Sacrament of Holy Orders
Catholic men who are called to a ministerial role in the Church receive a special sacrament called Holy Orders, which creates the hierarchy of deacon, priest, and bishop. Such men (who are ordained by a bishop by means of that sacrament) serve the spiritual needs of others in the Catholic Church.
A baptized man must first be ordained a deacon before being ordained a priest and ordained a priest before being ordained a bishop. So every priest and every bishop has experienced the Sacrament of Holy Orders more than once, but he experiences ordination to each level only once.
One of the primary functions of deacons, priests, and bishops is to administer the sacred rites of the Church to God’s people:
- Bishops are said to have the “fullness of the priesthood,” because they alone have the authority to offer all seven sacraments – Baptism, Penance, Holy Eucharist, Confirmation, Matrimony, Anointing of the Sick, and Holy Orders.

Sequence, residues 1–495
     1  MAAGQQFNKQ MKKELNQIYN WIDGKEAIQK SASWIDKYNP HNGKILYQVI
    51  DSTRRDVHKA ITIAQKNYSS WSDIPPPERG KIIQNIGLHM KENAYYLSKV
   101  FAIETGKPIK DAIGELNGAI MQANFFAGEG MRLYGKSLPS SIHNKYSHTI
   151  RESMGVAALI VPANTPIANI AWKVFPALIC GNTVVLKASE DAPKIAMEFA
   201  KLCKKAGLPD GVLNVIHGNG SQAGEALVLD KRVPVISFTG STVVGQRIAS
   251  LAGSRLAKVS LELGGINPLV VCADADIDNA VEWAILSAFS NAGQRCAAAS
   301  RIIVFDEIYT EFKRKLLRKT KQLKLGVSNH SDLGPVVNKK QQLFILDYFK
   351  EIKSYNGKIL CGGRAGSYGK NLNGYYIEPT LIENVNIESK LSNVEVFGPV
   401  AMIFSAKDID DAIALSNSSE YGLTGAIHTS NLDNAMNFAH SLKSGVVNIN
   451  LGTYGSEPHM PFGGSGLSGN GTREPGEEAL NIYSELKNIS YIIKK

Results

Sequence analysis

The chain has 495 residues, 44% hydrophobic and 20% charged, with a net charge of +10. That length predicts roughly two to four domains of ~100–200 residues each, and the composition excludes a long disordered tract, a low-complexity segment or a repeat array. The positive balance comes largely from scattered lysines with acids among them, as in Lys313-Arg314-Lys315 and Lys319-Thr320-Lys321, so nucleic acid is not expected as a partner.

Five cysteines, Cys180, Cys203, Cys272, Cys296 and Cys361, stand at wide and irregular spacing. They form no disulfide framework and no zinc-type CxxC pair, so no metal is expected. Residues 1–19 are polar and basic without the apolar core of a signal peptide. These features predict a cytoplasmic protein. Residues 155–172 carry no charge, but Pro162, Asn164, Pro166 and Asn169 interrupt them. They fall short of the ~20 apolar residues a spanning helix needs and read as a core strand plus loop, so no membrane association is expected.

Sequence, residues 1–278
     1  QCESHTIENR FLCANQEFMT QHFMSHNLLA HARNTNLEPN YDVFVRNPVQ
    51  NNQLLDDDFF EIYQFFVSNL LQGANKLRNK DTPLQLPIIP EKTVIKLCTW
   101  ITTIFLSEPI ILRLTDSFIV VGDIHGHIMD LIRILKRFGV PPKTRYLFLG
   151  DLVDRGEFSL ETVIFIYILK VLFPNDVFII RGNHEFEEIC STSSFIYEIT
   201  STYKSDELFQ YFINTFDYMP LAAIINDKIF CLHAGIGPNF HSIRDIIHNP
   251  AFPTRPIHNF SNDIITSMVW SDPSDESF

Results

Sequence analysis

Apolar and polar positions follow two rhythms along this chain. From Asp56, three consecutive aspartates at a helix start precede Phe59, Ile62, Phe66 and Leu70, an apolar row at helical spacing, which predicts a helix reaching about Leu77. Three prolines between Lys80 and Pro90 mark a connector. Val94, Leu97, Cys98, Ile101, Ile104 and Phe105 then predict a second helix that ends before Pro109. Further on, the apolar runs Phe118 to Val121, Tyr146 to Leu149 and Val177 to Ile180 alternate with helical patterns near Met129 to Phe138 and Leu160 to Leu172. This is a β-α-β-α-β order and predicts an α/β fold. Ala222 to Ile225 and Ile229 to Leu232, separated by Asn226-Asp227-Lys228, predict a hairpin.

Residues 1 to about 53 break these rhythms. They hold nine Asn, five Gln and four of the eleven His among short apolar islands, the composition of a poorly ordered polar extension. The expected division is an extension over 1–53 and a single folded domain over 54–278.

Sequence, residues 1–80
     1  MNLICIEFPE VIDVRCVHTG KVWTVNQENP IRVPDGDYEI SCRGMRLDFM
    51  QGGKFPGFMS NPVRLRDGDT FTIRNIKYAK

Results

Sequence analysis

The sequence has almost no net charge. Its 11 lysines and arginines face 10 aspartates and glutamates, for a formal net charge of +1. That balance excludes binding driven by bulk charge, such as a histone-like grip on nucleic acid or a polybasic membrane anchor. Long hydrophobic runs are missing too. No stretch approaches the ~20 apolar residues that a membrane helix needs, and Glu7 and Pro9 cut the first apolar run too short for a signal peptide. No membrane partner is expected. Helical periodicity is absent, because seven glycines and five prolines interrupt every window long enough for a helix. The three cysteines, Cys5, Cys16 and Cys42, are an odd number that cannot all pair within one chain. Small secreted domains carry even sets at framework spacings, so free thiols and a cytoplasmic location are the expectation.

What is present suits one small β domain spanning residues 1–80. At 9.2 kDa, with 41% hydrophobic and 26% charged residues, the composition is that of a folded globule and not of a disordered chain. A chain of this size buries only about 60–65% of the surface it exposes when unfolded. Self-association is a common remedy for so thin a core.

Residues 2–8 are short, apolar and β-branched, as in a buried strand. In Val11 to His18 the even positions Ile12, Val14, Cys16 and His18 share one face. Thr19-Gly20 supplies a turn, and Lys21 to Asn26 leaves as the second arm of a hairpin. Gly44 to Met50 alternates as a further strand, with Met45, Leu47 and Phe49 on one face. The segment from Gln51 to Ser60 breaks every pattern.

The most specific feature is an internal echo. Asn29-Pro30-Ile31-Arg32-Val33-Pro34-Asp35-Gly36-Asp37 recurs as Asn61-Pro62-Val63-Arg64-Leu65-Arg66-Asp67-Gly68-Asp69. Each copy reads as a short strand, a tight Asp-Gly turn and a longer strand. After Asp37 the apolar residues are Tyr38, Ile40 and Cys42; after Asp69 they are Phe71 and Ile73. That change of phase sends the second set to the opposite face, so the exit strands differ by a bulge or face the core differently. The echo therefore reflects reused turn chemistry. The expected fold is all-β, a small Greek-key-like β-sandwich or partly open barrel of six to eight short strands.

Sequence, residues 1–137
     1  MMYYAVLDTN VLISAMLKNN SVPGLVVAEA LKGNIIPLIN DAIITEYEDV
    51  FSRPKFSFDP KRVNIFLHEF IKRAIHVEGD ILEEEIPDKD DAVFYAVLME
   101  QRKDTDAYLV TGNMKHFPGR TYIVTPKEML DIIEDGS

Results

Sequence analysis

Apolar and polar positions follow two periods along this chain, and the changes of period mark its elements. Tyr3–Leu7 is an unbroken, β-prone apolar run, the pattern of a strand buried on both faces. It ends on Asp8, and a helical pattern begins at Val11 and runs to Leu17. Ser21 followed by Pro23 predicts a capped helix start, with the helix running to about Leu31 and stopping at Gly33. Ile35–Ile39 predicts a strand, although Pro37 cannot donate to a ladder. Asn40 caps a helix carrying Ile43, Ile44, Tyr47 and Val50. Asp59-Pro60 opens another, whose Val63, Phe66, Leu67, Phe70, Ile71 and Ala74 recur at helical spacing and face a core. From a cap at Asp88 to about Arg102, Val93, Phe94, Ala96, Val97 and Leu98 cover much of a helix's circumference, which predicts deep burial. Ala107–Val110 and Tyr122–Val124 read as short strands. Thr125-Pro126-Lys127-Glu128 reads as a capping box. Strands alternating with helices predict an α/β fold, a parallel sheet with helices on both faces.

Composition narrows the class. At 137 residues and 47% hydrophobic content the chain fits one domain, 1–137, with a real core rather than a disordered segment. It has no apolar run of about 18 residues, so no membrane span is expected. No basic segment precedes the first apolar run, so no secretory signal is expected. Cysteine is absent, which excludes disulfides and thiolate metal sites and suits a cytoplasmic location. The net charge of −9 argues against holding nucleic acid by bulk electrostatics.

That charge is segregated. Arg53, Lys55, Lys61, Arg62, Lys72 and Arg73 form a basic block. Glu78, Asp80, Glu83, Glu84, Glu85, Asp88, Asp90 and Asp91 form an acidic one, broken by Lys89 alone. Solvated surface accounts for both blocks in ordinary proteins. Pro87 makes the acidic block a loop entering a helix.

- Priests have the power and authority to celebrate only five – Baptism, Penance, Holy Eucharist (Mass), Matrimony, and Anointing of the Sick.
- Deacons can celebrate Baptism and Matrimony, provided that it’s a wedding without a Nuptial Mass.
The Sacrament of Holy Orders doesn’t make a man a Church aristocrat, but it does confer the dignity of the sacrament, and that entails the obligation of obedience and respect to lawful authority and be of service to the people of God. Indeed, at ordination a priest and deacon vows his obedience and respect to his bishop – while a bishop at episcopal ordination vows his obedience to and respect to the reigning Pontiff. Pastors are to see their role as shepherds who love and know their sheep.
A man can retire from the active ministry or be forced to leave if he misbehaves, but no deacon, priest, or bishop can ever have his Holy Orders taken away from him.
- Being defrocked is involuntary and is imposed as a punishment for committing crime or scandal.
- Laicization is at the request of the cleric who wishes to be relieved of his obligations of celibacy and no longer wants to celebrate his sacred ministry.
Both actions have the same effect: Defrocked and laicized deacons, priests and bishops are prohibited from celebrating the sacraments of the church and from wearing clerical dress. All requests for laicization must go to Rome, and only the Vatican can approve them.